FEMA Will Take Climate Change Into Account In Flood Insurance Overhaul

By Natasha Lasky, ODP Staff Writer

Currently, the Federal Emergency Management Agency (FEMA) provides $1.3 trillion in coverage for more than 5 million policyholders in 23,500 communities nationwide through the National Flood Insurance Program. But on October 1, the program will be overhauled to price each property’s unique flood risk while taking climate change into account–the most substantive change to the program since 1968.

As it stands, a property’s elevation and whether it has a 1% annual chance of flooding factor into the flood insurance risk rating.

  • In the new model, FEMA will consider the property’s replacement cost, the type of risk (rainfall, river, or coastal flooding), and the distance between the property and a potential source of flooding.
  • In addition, FEMA will also consider catastrophic modeling from climate change, particularly sea-level rise, droughts, and wildfires. 

Why This Matters: During Hurricane Harvey in Houston, more than 200,000 homes were damaged or destroyed, three-quarters of them without flood insurance, as many were outside FEMA flood zones, which are updated only every five years. The overhaul in the flood insurance program will also make flood insurance policies more equitable for homeowners. 

As David Maurstad, Senior Executive of the National Flood Insurance Program told CNBC:

What we found out was that many folks with lower-value homes were paying more than they should, and those that had higher-value homes were paying less than they should. And we have a responsibility to make sure that we have actuarily sound, fair, and equitable rates. And so that’s what’s driving the change.”


Fixing Flood Insurance: Significant parts of the FEMA overhaul include making flood insurance more financially stable and adjusting rates to make them more accurate and more equitable. FEMA has piloted a means-tested affordability program that will help low-income residents pay for increasingly necessary flood insurance. Meanwhile, most homeowners will see rates go up about 10%, the standard annual increase.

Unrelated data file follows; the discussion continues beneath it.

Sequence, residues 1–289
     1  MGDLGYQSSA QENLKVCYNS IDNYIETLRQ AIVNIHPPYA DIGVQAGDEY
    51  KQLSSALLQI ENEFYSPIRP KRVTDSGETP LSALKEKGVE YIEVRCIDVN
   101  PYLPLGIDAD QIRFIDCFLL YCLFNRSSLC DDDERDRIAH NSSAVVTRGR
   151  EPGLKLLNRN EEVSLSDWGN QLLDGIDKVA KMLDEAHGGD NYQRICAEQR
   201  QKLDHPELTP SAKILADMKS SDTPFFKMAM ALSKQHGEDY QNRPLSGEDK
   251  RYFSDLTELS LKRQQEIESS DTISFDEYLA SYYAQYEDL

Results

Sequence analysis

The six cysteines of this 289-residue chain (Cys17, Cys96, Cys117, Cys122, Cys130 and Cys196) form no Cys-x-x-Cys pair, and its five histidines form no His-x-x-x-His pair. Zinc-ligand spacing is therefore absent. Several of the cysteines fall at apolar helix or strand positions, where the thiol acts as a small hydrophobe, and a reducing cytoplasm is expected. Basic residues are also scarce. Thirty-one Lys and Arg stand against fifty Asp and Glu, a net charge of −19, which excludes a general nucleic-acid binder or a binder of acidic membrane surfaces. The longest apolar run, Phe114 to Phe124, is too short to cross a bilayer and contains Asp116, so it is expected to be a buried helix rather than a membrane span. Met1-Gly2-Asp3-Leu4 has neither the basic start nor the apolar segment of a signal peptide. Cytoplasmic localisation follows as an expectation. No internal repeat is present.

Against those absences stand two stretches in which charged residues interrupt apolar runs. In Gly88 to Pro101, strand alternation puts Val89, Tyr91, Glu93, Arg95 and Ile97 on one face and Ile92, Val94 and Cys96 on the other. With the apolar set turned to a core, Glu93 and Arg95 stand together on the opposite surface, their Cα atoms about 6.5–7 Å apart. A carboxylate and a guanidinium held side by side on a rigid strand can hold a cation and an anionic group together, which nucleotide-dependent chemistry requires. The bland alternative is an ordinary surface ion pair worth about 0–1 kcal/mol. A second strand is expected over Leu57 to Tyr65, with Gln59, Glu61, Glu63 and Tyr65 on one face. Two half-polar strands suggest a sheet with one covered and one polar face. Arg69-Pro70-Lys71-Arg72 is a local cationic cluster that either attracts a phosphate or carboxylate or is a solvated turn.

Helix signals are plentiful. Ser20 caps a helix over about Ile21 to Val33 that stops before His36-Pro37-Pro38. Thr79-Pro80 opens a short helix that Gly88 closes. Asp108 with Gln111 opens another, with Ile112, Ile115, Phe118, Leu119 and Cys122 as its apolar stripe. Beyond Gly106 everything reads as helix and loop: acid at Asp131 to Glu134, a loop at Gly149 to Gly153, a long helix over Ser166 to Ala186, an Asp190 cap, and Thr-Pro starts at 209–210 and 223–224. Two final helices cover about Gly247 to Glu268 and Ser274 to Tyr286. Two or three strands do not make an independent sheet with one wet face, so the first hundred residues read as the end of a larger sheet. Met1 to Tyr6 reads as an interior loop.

These changes will also make FEMA more fiscally stable. Currently, as storm damage increases, FEMA is paying billions of dollars to support uninsured homeowners.

“No question, we need to close the insurance gap. Not enough people in the high-risk area have the coverage they need to be able to be on the path to recovery after a flood event,” Maurstad told CNBC“There’s just too much disaster, suffering, going on that we can minimize if we are able to have more people have the coverage they need.”

Learn More: Watch our interview with Carolyn Kousky, the Executive Director at the Wharton Risk Management Center at the University of Pennsylvania, about FEMA’s plans to modernize the way it sets rates.

Fixing Private Insurance: Historically, the private insurance industry has had relatively good modeling for “primary perils” like earthquakes and hurricanes but has had difficulty with “secondary perils” like snowstorms, drought, flooding, and wildfires, since these phenomena can be so erratic. As such, insurers are struggling to make accurate risk assessments for the insurance products they sell.

Compounding the issue is that extreme weather events have only grown more common, and their effects will continue to worsen, according to the recently released Intergovernmental Panel on Climate Change (IPCC) report. 

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